• The The above object and other objects, features and advantages of the present The invention will become apparent from the following detailed description the best embodiment The invention easily apparent when used in conjunction with the attached Drawings are seen.
  • 1 FIG. 12 is a diagram illustrating a communication system employing the method and system of the present invention. FIG.
  • 2 FIG. 12 illustrates a diagram illustrating the geometric plane that includes two range nodes of the present invention.
  • 3 represents a diagram showing an enlarged view of the plane of the 2 illustrated.
  • 4 represents a diagram illustrating a circle of intersection located above and below the XY plane of the 2 extends.
  • 5 represents a diagram similar to the 3 but with the addition of X and Y unit vectors, where a point denoted by R q is associated with a later step in position determination.
  • 1 schematically illustrates a communication system with a typical geometry to practice the present invention. This system, generally indicated by a reference numeral 10 includes a target communication satellite 12 to determine its position (referred to as R 0 ). The system 10 of the 1 also includes a primary range node (RN) 14 - Such as a satellite ground station - at the designated R 1 position and secondary range nodes 11 at positions R 2 and R 3 . There could be many more secondary RNs at positions R 4 , R 5 , etc. These additional RNs are in the 1 Not shown; however, their modes of operation are identical to those described for the RNs at R 2 and R 3 . A secondary RN could be any device that includes a transceiver, such as automobiles, cell phones, aircraft, or the like, as long as they are stationary during operation of the present invention. As in 1 Shown are the distances between the satellite 12 at R 0 and all the RNs at R 1 , R 2 , R 3 , etc. with a i = | R i - R 0 | where i> 0.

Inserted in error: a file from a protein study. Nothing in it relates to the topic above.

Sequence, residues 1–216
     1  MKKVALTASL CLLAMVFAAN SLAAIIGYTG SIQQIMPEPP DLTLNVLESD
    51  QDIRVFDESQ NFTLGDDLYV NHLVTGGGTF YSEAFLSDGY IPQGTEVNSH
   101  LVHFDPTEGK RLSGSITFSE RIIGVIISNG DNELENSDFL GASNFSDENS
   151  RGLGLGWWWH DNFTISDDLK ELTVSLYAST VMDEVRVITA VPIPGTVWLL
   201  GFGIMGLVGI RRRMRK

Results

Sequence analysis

• For example, a parked commercial airliner may act as a secondary RN. When a commercial airliner is parked at an airport gate, its pilot enters the precise position of the aircraft in the navigation system that is on board. This information allows the inertial navigation system to correct drift and accumulated position error. As long as the aircraft is parked at the gate, its position is known with a high degree of accuracy. If equipped with a suitable transceiver, it can act as a secondary RN at an R 2 or R 3 position. If a large number of aircraft are so equipped and a significant percentage of them are parked at a gate at any one time, then the satellite can 12 at R 0 use these parked aircraft as RNs for R 2 and R 3 .